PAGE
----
Palladin is a Marker of Liver Metastasis in Primary Pancreatic Endocrine Carcinomas*


Background: Palladin is a metastasis-associated gene regulating cell motility. The expression of palladin protein in pancreatic neuroendocrine tumors (PET) and carcinomas (PECA) is not known. Materials and Methods: A tissue microarray (TMA) of well-differentiated (WD) PETs/PECAs (AJCC 2010) and non-neoplastic, histologically normal pancreatic tissue/islets (HNPIs) was immunostained with palladin antibody and quantified using the Allred score. The results were correlated with the presence or absence of liver metastases. Results: The retrospective study included 19 males and 19 females of age 27-79 years (mean 54). Tumor size was 0.9-11.5 cm (mean 3.8). Palladin expression was cytoplasmic and/or membranous. The tumors with high palladin expression were associated with liver metastasis (p<0.0001). All 14 primary PECA with hepatic metastases (MP-PECAs) exhibited palladin expression whereas 14 out of 24 (58%) clinicallylocalized primary PET (CLP-PETs) expressed palladin (p<0.01) with median Allred scores of 5 (range 3-7) and 2 (range 0-6) respectively (p<0.0001). The mean Allred score for the HNPIs in the MP-PECAs (N=6) was higher (4.2) as compared to that in the CLP-PETs (2.5,N=11) (p=0.23). Conclusion: Palladin may identify primary pancreatic endocrine neoplasms with a propensity to metastasize to the liver. Pancreatic neuroendocrine tumors/carcinomas (PETs/ PECAs) account for 1-2% of pancreatic neoplasms and are clinically challenging (1). The clinical behavior of PET is often unpredictable. According to the current American Joint Committee on Cancer (AJCC) Staging manual (2), well differentiated (WD) PECAs (WD-PECAs) are separated from well-differentiated PETs (WD-PETs) on the basis of gross invasion of the adjacent organs by the tumor (duodenum, stomach, spleen) and/or the presence of metastases. With the development of metastases, patient survival significantly drops and none of the currently available therapies offer cure. The discovery of molecular markers of metastases would offer newer objective criteria to determine patient prognosis and may improve our understanding of the biology of clinical progression in PET.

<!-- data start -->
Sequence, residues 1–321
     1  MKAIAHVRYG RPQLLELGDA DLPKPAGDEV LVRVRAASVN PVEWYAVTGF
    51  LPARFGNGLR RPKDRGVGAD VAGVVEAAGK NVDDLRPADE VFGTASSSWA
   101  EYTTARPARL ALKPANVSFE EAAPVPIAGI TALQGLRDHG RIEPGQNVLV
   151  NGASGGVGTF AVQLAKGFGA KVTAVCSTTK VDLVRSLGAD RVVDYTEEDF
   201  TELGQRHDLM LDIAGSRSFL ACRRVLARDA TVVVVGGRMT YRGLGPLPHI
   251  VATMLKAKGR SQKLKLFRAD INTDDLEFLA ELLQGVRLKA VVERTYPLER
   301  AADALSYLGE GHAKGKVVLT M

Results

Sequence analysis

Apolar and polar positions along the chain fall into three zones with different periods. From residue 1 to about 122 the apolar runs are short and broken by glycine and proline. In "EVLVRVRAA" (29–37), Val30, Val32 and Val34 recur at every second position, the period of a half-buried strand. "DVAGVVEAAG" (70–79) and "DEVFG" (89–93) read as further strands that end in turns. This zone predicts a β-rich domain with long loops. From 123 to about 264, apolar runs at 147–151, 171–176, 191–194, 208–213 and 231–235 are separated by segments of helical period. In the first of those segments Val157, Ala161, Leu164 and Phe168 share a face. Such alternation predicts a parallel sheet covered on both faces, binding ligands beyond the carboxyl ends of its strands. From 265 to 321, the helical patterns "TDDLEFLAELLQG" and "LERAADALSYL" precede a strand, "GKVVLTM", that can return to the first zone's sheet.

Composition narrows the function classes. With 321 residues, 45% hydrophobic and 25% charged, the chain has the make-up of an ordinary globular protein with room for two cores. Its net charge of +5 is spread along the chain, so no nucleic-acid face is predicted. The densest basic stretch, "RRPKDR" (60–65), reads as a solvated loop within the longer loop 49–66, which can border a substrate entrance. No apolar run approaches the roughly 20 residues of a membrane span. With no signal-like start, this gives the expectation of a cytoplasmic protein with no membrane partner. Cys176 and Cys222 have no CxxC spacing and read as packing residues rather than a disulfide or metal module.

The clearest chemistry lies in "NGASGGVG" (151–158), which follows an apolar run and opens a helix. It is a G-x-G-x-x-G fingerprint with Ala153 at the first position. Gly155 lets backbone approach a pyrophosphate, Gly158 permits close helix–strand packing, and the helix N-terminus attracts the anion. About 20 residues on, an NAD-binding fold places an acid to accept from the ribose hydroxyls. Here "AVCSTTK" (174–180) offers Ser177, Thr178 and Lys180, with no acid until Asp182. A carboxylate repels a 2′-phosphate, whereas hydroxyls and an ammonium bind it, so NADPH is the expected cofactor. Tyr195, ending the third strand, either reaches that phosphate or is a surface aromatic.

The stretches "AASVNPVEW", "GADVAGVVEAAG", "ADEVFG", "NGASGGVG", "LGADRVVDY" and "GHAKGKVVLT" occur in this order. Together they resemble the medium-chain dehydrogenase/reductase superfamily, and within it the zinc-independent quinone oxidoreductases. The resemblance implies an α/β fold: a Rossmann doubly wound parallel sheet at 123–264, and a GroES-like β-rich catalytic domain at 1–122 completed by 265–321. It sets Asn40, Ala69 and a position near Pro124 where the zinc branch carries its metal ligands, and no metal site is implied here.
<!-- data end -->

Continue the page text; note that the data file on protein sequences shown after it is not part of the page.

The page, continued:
The metastasis-associated gene palladin has a role in cell motility and cell-cell interactions (4, 5). Palladin protein has been reported in a variety of tissues such as prostate, testis, ovary, small intestine, colon and smooth muscle (6). It is localized along the actin filaments of smooth muscle, epithelial and glial cells in a periodic punctuate pattern (4, 6). There are three isoforms of palladin (a 90 kDa, 140 kDa, and 200 kDa) of which the 90 kDa isoform is the most common and most abundant (5). Palladin is a critical well documented component of the cytoskeleton and co-localizes with alpha-actinin along with F-actin stress fibers (5). It belongs to a small gene family that includes the Z-disc proteins myopalladin and myotilin, all of which share similar Ig-like domains (7).

*This study was presented in part at the 6th Annual Meeting of the European Neuroendocrine Tumor Society (ENETS), Granada, Spain, March 5-7, 2009 and at the 98th Annual Meeting of the United States and Canadian Academy of Pathology, Boston, U.S.A., March 7-13, 2009.
*Both Authors contributed equally to this work.
Correspondence to: Domenico Coppola, Department of Anatomic Pathology, Moffitt Cancer Center and Research Institute, 12902 Magnolia Drive, Tampa, Florida 33612, U.S.A. Tel: +1 813 7453275,
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